Outpatient Billing Changes For 2021 – Cardiology Clinic and Beyond
The Centers for Medicare and Medicaid Services (CMS) have implemented new guidelines on outpatient services beginning Jan. 1, 2021. Previously, billing for outpatient visits required a note with three main components: history, exam and medical decision-making. These components were the driving factors in selecting the level of service being billed. In 2021, however, either medical decision-making or professional time will be the only determining factors in selecting a level of service. What follows is a brief overview of each factor.
Medical Decision-Making (MDM)
Medical decision-making includes establishing a diagnosis, assessing the status of a condition, and/or selecting a management option. In the outpatient setting it is defined by three general categories:
- The number and complexity of problem(s), and any comorbidities, that are addressed during the encounter
- Minimum (1 self-limited or minor problem)
- Low (2 or more self-limited or minor problems; 1 stable chronic illness; 1 acute, uncomplicated illness or injury)
- Moderate (1 or more chronic illnesses with exacerbation, progression or side effects of treatment; 2 or more stable chronic illnesses; 1 undiagnosed new problem with uncertain prognosis; 1 acute illness with systemic symptoms; 1 acute complicated injury)
- High (1 or more chronic illnesses with severe exacerbation, progression or side effects of treatment; 1 acute or chronic illness or injury that threatens life or bodily function)
- Category 1
- Medical records, tests, and/or other information that must be obtained, ordered, reviewed, and analyzed for the encounter
- Review of prior external note(s) from each unique source
- Ordering or reviewing of result(s) of each unique tests
- Assessment requiring an independent historian(s)
- Category 2
- Independent interpretation of tests performed by another provider
- Category 3
- Discussion of management or test interpretation with another provider or appropriate source
- Minimal or none
How to Code (MDM-Based)
In order to satisfy a level of MDM, 2 of the prior 3 criteria must be met.
New/Existing Patient Visits:
99202/99212 Straightforward (minimal, minimal or none, minimal risk)
99203/99213 Low (low, any 2 from category 1 or category 2, low risk)
99204/99214 Moderate (moderate, any 3 from category 1 or categories 2 or 3, moderate risk)
99205/99215 High (high, 2 of 3: all 4 from category 1 or categories 2 or 3, high risk)
While 99201 is deleted as of Jan. 1, you can still utilize 99211 and the level of decision-making does not apply here.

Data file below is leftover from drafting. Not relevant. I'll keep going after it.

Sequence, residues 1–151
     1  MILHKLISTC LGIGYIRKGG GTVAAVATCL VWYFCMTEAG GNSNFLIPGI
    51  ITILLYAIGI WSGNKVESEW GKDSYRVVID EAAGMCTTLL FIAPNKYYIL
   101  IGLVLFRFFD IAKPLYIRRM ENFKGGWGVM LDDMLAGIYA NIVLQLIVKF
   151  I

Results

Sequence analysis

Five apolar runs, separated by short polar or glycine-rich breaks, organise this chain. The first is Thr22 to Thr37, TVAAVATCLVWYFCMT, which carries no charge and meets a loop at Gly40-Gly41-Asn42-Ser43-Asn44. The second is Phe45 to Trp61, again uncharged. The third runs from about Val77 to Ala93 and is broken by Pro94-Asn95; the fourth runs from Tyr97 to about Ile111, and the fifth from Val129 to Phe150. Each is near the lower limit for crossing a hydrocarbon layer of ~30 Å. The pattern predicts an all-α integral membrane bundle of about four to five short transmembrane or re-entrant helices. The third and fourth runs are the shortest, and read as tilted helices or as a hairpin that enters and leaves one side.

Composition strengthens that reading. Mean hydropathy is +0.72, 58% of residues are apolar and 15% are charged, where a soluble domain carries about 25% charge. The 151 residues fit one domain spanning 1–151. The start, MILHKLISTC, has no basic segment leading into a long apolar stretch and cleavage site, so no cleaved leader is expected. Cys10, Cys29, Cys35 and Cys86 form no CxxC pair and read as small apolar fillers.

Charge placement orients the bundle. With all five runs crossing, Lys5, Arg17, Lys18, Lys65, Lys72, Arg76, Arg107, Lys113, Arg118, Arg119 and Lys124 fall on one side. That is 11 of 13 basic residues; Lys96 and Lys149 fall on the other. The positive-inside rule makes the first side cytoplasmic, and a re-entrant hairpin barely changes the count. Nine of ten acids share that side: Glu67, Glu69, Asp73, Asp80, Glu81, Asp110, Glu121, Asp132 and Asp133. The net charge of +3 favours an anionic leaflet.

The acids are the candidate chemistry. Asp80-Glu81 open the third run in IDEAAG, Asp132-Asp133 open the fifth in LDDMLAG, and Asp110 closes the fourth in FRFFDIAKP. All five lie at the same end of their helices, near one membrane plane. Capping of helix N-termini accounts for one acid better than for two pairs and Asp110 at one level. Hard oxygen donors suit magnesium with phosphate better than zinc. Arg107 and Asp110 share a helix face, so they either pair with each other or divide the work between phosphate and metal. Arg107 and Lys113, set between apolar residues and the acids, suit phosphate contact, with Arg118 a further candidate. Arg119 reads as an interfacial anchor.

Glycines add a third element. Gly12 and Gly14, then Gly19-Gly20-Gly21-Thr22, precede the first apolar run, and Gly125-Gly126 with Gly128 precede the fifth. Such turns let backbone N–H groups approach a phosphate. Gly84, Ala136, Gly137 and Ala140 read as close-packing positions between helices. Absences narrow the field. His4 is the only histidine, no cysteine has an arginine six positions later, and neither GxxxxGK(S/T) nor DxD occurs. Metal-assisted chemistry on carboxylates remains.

Professional time is defined as the time personally spent by the physician and or other health care providers assessing and managing the patient on the date of the encounter. This includes the following activities:
- Preparing to see the patient (reviewing objective data, prior notes)
- Obtaining and/or reviewing separately obtained history
- Performing a medically appropriate examination and/or evaluation
- Counseling and educating the patient/family/caregiver
- Ordering medications, tests, or procedures
- Referring and communicating with other health care professionals
- Documenting clinical information in the electronic or other health record
- Independently interpreting results and communicating results to the patient/family/caregiver
- Care coordination
Of note, the statement of total time now includes both face-to-face and non-face-to-face activities.
How to Code (Time-Based)
New Patient Visits:
99202 15-29 minutes
99203 30-44 minutes
99204 45-59 minutes
99205 60-74 minutes
Existing Patient Visits:
99212 10-19 minutes
99213 20-29 minutes
99214 30-39 minutes
99215 40-54 minutes
If you go beyond these times there is a separate code, 99417, for prolonged service, the use of which will not be detailed here.
After reviewing both of these billing methodologies, medical decision-making is certainly the more cumbersome and vague route to take to justify a level of care. Time is more straightforward but it may be difficult to justify billing higher levels of service if the majority of your visits are only 10-15 minutes. However, the time a provider spends is not just limited to time spent face-to-face with a provider, so just because you have a 15-minute appointment with the patient you are not relegated to billing only a 15 minutes level of service which gives you some leeway. What route will you take going forward?
The ACC and MedAxiom have several resources to help ACC members with the Evaluation and Management (E/M) changes that went into effect Jan. 1, 2021. Of note, E/M changes were a hot topic during ACC's Cardiovascular Summit Virtual. Check out the sessions on demand until April 30. In addition, a recent MedAxiom Blog article shares cardiovascular-specific impacts and tips, including the evolution of E/M coding and documentation and how to set your practice up for success in 2021 and beyond. Read more.
This article was authored by Matthew Pierce, MD.